keywords = "acute stroke, depression, anxiety, perceived control, patient satisfaction",
author = "V Morrison and Marie Johnston and R MacWalter",
year = "2000",
month = "5",
doi = "10.1080/08870440008402001",
language = "English",
volume = "15",
pages = "395--407",
journal = "Psychology & Health",
issn = "0887-0446",
publisher = "Routledge",
number = "3",

}

TY - JOUR

T1 - Predictors of distress following an acute stroke

T2 - Disability, control cognitions, and satisfaction with care

AU - Morrison, V

AU - Johnston, Marie

AU - MacWalter, R

PY - 2000/5

Y1 - 2000/5

N2 - Whilst clinical predictors of distress following acute stroke have been identified (e.g., lesion site), this study hypothesised that greater prediction would be achieved by addressing individual differences in patients' cognitions (e.g., perceived control, satisfaction with care, recovery confidence) and coping responses. We examined these relationships in a longitudinal study of 71 survivors of acute stroke. Measures were collected at three time points: 10-20 days after the stroke, and one month and six months after hospital discharge. Stepwise multiple regression analyses were performed using only significant bivariate correlates and where the dependent variables were residualised scores which controlled for baseline levels of anxiety and depression. Satisfaction with treatment and confidence in recovery at one month predicted anxiety outcome at six months, and satisfaction with advice and confidence in recovery at one month predicted depression outcome at six months. These results offer tentative suggestions for interventions targeting patient cognitions and improving patient satisfaction.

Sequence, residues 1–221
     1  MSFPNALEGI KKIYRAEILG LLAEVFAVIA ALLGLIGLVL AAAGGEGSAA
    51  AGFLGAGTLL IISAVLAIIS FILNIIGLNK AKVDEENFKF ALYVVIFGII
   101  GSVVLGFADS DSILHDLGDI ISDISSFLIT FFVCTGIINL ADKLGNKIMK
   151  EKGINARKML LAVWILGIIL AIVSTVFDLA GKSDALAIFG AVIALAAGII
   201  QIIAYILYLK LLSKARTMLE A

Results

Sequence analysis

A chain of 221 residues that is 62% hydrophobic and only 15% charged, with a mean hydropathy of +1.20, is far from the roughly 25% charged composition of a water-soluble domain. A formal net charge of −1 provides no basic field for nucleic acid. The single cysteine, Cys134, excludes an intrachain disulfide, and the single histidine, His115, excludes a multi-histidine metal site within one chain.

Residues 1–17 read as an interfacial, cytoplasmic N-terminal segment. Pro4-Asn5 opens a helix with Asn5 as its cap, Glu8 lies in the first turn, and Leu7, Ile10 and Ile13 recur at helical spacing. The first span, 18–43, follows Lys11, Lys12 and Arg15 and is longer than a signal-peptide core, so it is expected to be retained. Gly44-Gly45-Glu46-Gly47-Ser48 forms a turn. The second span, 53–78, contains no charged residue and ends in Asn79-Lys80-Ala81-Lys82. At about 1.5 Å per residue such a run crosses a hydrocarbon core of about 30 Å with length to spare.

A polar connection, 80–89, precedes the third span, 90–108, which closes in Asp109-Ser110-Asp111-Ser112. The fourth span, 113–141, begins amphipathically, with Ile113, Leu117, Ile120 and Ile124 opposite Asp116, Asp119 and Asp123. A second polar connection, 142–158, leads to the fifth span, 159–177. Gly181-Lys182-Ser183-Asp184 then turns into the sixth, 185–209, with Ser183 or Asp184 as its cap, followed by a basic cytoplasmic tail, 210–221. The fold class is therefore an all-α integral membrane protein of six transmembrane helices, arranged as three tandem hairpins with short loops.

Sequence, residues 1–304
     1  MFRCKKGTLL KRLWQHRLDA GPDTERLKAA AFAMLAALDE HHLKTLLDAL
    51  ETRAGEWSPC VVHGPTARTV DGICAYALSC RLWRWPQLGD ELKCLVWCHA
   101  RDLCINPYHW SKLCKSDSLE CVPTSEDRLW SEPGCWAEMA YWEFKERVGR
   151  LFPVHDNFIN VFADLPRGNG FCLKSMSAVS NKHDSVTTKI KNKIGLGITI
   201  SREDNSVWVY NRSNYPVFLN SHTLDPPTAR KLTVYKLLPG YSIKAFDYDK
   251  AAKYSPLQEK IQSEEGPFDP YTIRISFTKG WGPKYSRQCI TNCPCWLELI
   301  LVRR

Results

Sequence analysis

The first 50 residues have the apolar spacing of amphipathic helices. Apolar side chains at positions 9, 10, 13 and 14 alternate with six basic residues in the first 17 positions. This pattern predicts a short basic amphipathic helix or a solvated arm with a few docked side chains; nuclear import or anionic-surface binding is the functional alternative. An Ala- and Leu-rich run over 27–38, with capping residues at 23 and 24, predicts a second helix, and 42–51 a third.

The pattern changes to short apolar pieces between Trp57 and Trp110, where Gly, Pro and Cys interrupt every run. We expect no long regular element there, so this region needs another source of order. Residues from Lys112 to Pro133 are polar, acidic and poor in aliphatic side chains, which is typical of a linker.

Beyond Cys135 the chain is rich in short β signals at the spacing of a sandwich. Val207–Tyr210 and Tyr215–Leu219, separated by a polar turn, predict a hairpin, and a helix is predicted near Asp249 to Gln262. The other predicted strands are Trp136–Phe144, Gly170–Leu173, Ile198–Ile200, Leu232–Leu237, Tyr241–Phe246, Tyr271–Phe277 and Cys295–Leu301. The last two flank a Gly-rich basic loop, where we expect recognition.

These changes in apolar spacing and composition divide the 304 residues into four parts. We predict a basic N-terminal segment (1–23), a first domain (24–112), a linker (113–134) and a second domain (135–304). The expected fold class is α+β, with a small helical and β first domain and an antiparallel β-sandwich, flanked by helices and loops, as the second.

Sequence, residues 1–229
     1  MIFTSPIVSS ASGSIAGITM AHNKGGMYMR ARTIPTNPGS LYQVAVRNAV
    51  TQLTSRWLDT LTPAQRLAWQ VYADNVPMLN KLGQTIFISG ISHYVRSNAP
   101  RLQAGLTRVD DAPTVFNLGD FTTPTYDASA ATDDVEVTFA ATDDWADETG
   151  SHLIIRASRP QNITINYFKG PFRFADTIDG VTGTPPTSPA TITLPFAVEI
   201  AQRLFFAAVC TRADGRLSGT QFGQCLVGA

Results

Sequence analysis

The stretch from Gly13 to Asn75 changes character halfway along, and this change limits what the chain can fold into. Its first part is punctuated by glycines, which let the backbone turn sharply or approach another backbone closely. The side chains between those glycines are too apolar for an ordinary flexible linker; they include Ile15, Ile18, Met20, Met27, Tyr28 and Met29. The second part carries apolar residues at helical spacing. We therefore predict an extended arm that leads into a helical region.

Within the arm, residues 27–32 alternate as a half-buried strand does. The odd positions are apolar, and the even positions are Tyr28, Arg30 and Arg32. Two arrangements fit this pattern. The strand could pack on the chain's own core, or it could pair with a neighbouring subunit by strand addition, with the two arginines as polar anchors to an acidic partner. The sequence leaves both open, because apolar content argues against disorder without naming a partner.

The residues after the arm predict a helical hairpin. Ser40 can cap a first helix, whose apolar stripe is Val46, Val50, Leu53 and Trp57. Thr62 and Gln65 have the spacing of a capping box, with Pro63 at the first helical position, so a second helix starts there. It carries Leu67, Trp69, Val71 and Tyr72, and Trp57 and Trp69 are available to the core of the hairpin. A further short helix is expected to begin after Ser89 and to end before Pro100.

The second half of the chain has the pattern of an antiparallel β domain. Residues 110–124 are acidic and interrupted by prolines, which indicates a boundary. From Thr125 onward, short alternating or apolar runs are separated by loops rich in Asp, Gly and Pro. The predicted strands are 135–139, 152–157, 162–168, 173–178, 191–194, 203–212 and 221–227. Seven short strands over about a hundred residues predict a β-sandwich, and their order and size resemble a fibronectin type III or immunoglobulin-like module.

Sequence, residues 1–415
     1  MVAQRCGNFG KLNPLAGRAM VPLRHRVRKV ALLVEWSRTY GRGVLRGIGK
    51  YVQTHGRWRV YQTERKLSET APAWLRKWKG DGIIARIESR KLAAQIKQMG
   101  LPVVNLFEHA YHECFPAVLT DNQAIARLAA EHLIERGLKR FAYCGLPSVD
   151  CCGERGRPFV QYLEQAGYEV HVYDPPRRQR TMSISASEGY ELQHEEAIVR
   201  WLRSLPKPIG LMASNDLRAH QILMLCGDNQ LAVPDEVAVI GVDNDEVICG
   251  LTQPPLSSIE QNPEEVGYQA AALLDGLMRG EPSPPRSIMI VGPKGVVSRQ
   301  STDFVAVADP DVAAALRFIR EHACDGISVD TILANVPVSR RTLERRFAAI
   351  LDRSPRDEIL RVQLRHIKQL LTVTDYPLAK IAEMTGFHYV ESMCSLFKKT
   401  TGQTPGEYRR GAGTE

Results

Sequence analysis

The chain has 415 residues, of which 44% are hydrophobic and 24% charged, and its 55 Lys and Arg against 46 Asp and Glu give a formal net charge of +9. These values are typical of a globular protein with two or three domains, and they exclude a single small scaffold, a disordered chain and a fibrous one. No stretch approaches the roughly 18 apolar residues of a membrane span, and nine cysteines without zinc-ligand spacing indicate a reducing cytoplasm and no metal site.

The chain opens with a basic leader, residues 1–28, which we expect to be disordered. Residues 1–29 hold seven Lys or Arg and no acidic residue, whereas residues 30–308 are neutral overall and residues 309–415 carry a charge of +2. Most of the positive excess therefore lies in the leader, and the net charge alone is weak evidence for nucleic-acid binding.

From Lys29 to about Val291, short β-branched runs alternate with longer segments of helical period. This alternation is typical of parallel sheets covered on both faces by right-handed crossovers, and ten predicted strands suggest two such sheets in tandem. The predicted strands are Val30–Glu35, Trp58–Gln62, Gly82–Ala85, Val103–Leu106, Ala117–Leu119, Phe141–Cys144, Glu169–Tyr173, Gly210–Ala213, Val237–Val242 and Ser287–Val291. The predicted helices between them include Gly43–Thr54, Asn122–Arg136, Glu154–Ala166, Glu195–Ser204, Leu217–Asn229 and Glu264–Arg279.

AB - Whilst clinical predictors of distress following acute stroke have been identified (e.g., lesion site), this study hypothesised that greater prediction would be achieved by addressing individual differences in patients' cognitions (e.g., perceived control, satisfaction with care, recovery confidence) and coping responses. We examined these relationships in a longitudinal study of 71 survivors of acute stroke. Measures were collected at three time points: 10-20 days after the stroke, and one month and six months after hospital discharge. Stepwise multiple regression analyses were performed using only significant bivariate correlates and where the dependent variables were residualised scores which controlled for baseline levels of anxiety and depression. Satisfaction with treatment and confidence in recovery at one month predicted anxiety outcome at six months, and satisfaction with advice and confidence in recovery at one month predicted depression outcome at six months. These results offer tentative suggestions for interventions targeting patient cognitions and improving patient satisfaction.

KW - acute stroke

KW - depression

KW - anxiety

KW - perceived control

KW - patient satisfaction

U2 - 10.1080/08870440008402001

DO - 10.1080/08870440008402001

M3 - Article

VL - 15

SP - 395

EP - 407

JO - Psychology & Health

JF - Psychology & Health

SN - 0887-0446

IS - 3

ER -